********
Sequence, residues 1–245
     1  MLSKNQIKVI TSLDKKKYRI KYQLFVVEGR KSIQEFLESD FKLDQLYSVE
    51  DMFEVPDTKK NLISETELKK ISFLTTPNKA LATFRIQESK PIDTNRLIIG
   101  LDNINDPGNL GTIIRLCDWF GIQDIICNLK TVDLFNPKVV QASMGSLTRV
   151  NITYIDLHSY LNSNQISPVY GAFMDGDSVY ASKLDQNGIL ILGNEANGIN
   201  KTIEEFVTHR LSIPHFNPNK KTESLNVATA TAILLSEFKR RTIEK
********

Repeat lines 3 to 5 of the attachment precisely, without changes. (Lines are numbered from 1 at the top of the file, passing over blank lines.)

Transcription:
    51  DMFEVPDTKK NLISETELKK ISFLTTPNKA LATFRIQESK PIDTNRLIIG
   101  LDNINDPGNL GTIIRLCDWF GIQDIICNLK TVDLFNPKVV QASMGSLTRV
   151  NITYIDLHSY LNSNQISPVY GAFMDGDSVY ASKLDQNGIL ILGNEANGIN